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Amp Technician Theo Argiriadis
During a recent editorial staff meeting in the pub, BiL's resident guitar gear geek Dave informed me that my early 80s (Paul Rivera-era) Fender Concert amplifier had become a quite a collectable item. Sadly it had been living in neglect under my stairs for the last 5 years (after a half-arsed attempt at repair by Arbiter), so I decided it needed some love. Which is how I came to get in touch with Theo Argiriadis, a north London based tube amp and analogue electronics specialist. I dropped off my amplifier and we had a chat about the world of tubes...
BiL: So where did this all start, how did you end up in this particular niche?
It started as a hobby as a child and over the years I became more interested in science, and physics which was what made me get into electrical stuff. The physics had many parts; thermodynamics, the mechanics, electricity and magnetism and so on. I used to make little experiments and things, and then I got into music and playing guitar. I sort of played off an on with a bands and eventually started to use my electronics skills more.
Then, later in life I did an electronics degree course at North London Polytechnic, but I was still playing guitar and I guessed I would probably have to go and get a proper job. I went to the careers centre and they really freaked me out, they basically told me I'd have to do a lot of arse-licking to get myself a job. I didn't wanna do that! (laughs) Also, a lot of what I specialised in - semi-conductor switch mode power supplies - were particularly applicable to the Ministry of Defence, and I just didn't want to get into that.
And now, I'm really keen on doing my own thing and producing my own amplifiers, mainly for guitars, but I also work on other stuff as well. What you see on the bench is a Hi-Fi using valves. I also do studio stuff like equalisers, spring reverbs, bespoke distortion units, things like that. But I'm mainly focussing on guitar amps at the moment.
BiL: So the dream is for you to launch your own range of amplifiers?
Yes, they'll be made in a special way – it's quite big in America at the moment – they call them 'boutique.'
BiL: Whether it's guitars, amps, effects, a lot of people seem to get very obsessive about vintage gear. Was there ever a golden age of amplification? When we last spoke you mentioned about how advances in tube technology went hand in hand with early Rock 'n' Roll, and maybe that's why we have such positive associations with that sort of sound.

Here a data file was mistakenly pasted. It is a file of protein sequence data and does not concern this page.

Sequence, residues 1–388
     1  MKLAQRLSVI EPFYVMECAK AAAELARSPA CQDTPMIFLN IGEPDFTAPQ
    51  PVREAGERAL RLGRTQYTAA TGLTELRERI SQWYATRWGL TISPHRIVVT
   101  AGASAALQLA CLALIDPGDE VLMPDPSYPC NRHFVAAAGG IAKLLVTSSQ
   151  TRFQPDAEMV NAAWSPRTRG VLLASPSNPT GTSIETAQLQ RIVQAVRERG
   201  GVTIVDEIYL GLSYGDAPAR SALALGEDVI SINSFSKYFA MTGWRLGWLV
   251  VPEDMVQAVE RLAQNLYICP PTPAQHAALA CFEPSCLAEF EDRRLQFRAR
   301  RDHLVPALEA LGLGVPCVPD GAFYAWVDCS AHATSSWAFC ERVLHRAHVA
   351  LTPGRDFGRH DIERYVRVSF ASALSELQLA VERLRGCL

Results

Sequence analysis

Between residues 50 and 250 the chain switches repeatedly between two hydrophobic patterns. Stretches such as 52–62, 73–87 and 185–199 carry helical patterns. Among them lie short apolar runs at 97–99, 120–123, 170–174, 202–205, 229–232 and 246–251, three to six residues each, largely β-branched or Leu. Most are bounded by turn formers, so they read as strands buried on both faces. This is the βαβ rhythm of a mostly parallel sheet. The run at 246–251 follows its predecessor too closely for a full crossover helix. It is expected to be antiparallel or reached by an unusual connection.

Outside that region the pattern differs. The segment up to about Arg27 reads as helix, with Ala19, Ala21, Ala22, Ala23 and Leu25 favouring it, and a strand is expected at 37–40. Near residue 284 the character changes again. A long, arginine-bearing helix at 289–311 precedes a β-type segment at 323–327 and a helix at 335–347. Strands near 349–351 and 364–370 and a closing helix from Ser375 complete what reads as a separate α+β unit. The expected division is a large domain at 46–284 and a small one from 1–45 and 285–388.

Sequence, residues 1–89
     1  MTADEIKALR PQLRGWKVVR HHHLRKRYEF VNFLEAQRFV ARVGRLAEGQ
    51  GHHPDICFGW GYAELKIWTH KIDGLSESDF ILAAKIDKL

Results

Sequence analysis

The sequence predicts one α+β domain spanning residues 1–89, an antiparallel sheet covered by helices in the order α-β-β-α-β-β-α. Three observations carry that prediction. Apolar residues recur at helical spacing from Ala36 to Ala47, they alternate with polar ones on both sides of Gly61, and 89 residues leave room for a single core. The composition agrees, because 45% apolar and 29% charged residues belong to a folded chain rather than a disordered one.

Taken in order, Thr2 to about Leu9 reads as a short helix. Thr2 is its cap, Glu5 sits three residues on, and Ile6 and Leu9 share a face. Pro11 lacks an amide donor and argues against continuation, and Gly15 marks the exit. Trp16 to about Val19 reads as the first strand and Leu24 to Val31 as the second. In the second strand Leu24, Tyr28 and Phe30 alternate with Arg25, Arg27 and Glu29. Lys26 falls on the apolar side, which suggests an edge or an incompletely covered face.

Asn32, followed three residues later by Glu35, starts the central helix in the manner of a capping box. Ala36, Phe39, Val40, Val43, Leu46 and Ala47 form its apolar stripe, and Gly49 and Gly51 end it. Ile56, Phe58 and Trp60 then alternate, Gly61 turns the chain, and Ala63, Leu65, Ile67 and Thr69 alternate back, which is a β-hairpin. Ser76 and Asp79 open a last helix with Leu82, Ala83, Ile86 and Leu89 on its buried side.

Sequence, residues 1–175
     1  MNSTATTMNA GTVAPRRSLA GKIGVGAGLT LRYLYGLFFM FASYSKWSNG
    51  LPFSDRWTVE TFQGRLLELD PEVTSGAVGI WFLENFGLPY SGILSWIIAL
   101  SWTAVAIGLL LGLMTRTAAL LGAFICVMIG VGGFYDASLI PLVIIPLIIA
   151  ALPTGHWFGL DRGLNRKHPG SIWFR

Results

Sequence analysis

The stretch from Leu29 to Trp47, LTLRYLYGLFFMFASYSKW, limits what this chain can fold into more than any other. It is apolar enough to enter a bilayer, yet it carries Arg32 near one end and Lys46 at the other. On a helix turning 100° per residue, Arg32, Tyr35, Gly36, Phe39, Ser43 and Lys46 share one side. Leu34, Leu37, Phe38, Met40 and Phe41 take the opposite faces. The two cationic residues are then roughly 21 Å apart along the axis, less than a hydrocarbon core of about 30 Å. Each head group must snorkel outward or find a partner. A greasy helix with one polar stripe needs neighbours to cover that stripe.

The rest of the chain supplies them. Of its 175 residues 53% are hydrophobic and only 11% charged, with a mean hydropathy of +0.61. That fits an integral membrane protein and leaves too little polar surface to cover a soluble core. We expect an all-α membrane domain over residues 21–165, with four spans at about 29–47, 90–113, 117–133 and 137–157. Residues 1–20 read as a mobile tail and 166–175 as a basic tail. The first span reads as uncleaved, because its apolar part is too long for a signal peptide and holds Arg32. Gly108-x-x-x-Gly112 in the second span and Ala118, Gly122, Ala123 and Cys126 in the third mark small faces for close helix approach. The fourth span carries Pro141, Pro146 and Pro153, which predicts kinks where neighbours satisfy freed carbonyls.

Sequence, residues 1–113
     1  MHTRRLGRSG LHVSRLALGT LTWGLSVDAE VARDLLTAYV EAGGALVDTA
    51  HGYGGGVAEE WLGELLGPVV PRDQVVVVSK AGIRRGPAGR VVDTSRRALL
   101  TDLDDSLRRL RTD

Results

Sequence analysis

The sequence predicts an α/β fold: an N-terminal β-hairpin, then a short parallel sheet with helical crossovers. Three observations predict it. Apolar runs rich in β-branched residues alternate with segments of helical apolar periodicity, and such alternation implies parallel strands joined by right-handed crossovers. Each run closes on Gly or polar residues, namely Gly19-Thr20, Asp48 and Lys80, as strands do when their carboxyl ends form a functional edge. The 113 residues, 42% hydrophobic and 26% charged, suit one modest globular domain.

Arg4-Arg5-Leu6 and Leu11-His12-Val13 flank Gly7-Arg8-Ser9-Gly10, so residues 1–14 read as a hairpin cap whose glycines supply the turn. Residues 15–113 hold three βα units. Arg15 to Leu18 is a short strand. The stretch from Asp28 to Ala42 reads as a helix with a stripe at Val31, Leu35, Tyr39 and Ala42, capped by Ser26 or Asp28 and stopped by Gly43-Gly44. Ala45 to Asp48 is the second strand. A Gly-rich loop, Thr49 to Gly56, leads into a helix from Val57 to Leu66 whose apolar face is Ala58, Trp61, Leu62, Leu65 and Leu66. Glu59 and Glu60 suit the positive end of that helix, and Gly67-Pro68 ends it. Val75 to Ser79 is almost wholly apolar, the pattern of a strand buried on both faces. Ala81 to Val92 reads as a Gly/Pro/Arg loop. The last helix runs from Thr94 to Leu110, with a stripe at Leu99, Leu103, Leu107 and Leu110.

Well... Both during and straight after World War II, there were a lot of advances and developments in electronics and amplification. When it was all over, there were a lot of new ideas around ready for the start of Rock n Roll. (Incidentally I think Blues, Jazz, gospel and honky tonk were being amplified long before Rock n Roll, with those little pickups on guitars). Anyway, there was a boom after the war and the Beam Tetrode 6L6 valve started being used in these early amplifiers. And they've got what you call (electronically speaking) a very characteristic range of harmonics, especially when being overdriven.
Together with the 12AX7 which is the traditional pre-amp tube, and depending on how you design the circuit of course, they tend to generate a certain type of harmonic distortion which really goes well with the string of the guitar. So we became used to that kind of sound. Let's assume for moment though that transistors were somehow invented first, now they produce a lot of high harmonics of the odd type. Valves produce odd harmonics but not of such a high order. In electronics, when we say harmonics, we mean multiples of the original frequency. An even harmonic would be say twice the original frequency, 2000/4000 Hz etc. where odd would be 3000 / 5000 / 7000 Hz... Transistor amps produce this type of high i.e odd harmonics so the guitar sound is a bit more brittle. But if that sound had come first, maybe that would be what people today would aspire to...? We just don't know.